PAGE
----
Palestinian Authority President, Mahmoud Abbas, 81, was reportedly given a clean bill of health on Thursday following an emergency heart procedure. Despite his advanced age, he has ignored calls to choose a successor.
Although Abbas was expected to be discharged, the health scare drew attention to the chaotic leadership situation in the Palestinian territories — where there is no succession plan for the aging leader and which are divided between two rival governments.
Dr. Mohammed al-Batrawi, a heart specialist who treated Abbas, said he ordered the president to go to the hospital for testing after Abbas felt tired and experienced chest pains at his office. He said Abbas went through a number of routine tests, including a cardiac catheterization, a procedure that can detect and treat heart problems, and that everything looked normal.
“His arteries look great, and there is no need for him to stay in the hospital,” al-Batrawi said. “He is leaving shortly.”
Abbas, who has a history of health issues, was elected president in 2005 for what was supposed to be a four-year term. But in 2007 the rival Hamas terrorist group seized control of the Gaza Strip, and Abbas has remained in power in the Palestinian Authority (PA)-administered territories.
The Palestinians are now divided between two governments. Attempts at reconciliation have repeatedly failed, and this week the Palestinians called off plans to hold municipal elections.
Abbas, who is a heavy smoker and is overweight, was treated years ago for prostate cancer and has had a stent inserted to treat artery blockage.
He also is under great pressure as his popularity has plummeted. The Palestinian public is frustrated over years of failed peace efforts with Israel. Over the past week, he also has come under heavy criticism at home for attending the funeral of the late former Israeli president, Shimon Peres.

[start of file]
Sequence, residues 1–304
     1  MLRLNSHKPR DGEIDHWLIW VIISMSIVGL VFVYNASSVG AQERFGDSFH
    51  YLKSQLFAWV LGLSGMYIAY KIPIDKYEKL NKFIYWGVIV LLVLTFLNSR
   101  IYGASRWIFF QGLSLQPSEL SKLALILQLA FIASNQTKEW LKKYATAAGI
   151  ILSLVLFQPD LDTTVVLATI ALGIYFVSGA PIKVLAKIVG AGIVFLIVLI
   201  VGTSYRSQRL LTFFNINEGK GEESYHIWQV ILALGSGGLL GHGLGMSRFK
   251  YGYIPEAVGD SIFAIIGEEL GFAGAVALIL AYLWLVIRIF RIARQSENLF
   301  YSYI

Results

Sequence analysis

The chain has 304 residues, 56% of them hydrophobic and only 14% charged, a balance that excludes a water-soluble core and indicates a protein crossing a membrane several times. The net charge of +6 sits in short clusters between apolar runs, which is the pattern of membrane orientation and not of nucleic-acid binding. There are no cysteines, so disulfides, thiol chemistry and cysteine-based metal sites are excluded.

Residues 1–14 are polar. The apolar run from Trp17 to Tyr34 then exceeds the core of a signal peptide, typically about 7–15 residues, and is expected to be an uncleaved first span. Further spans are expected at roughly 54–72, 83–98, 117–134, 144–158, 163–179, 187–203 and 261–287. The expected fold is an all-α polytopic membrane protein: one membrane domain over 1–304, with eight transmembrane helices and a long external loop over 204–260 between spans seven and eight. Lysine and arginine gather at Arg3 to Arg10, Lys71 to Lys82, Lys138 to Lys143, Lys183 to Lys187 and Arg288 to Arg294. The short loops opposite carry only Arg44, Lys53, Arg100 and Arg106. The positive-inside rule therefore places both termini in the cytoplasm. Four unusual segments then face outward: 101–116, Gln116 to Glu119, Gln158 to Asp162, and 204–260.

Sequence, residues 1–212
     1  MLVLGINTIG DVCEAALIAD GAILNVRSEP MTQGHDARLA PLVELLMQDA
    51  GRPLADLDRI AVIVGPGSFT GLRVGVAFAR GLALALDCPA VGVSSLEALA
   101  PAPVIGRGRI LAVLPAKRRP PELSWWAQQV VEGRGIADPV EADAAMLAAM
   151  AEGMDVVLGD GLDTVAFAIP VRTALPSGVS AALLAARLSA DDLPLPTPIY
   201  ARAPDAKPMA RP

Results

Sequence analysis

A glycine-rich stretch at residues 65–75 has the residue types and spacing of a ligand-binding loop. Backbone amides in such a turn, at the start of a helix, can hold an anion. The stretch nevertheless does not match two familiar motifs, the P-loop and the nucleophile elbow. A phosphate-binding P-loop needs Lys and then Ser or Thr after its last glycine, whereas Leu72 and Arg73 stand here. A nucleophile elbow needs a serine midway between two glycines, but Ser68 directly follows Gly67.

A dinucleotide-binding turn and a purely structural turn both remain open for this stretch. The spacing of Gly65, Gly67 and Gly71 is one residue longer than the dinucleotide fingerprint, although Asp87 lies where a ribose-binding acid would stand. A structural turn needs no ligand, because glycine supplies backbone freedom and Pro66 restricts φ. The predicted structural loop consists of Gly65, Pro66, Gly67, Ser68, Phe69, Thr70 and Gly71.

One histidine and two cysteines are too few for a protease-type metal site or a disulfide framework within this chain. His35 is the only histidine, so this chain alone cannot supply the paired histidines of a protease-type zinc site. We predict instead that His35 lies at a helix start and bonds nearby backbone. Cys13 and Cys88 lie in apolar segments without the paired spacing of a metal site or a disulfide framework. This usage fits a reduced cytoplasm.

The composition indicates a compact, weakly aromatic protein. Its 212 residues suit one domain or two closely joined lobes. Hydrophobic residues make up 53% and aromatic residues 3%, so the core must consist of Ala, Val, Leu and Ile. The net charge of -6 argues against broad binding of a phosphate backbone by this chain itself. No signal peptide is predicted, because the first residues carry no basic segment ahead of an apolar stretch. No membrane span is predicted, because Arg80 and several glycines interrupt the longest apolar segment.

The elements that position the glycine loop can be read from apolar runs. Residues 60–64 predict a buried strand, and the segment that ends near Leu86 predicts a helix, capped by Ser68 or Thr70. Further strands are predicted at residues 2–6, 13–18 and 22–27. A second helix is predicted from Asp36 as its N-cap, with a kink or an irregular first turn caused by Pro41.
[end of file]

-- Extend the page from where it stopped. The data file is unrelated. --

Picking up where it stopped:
Over the years, Abbas has ignored calls to appoint a successor, setting the stage for a bitter power struggle if he is incapacitated.
A long list of senior officials and security chiefs would likely covet the job, though there is no clear front-runner. Arguably the most popular potential successor, Marwan Barghouti, is serving multiple life sentences in an Israeli prison for his role in deadly terror attacks on Israelis. Hamas would also likely demand a say in choosing a new leader.
Even choosing a caretaker leader ahead of future elections would be a difficult task. Under Palestinian law, the parliament speaker is supposed to take over if the president is incapacitated or dies. But the current speaker, Aziz Dweik, is a member of Hamas.
Abbas’ Fatah party has argued that since parliament has not functioned in nearly a decade, Dweik would not be eligible to lead the Palestinians.
Some reports indicate that Abbas, widely accused of corruption, had recently refused a request from four Arab states to name a successor because he will only pick someone who will preserve his sons’ business empire.
By: AP and United with Israel Staff
Sign the Petition to Stop Funding the Palestinian Authority
Petition to the United States and European Union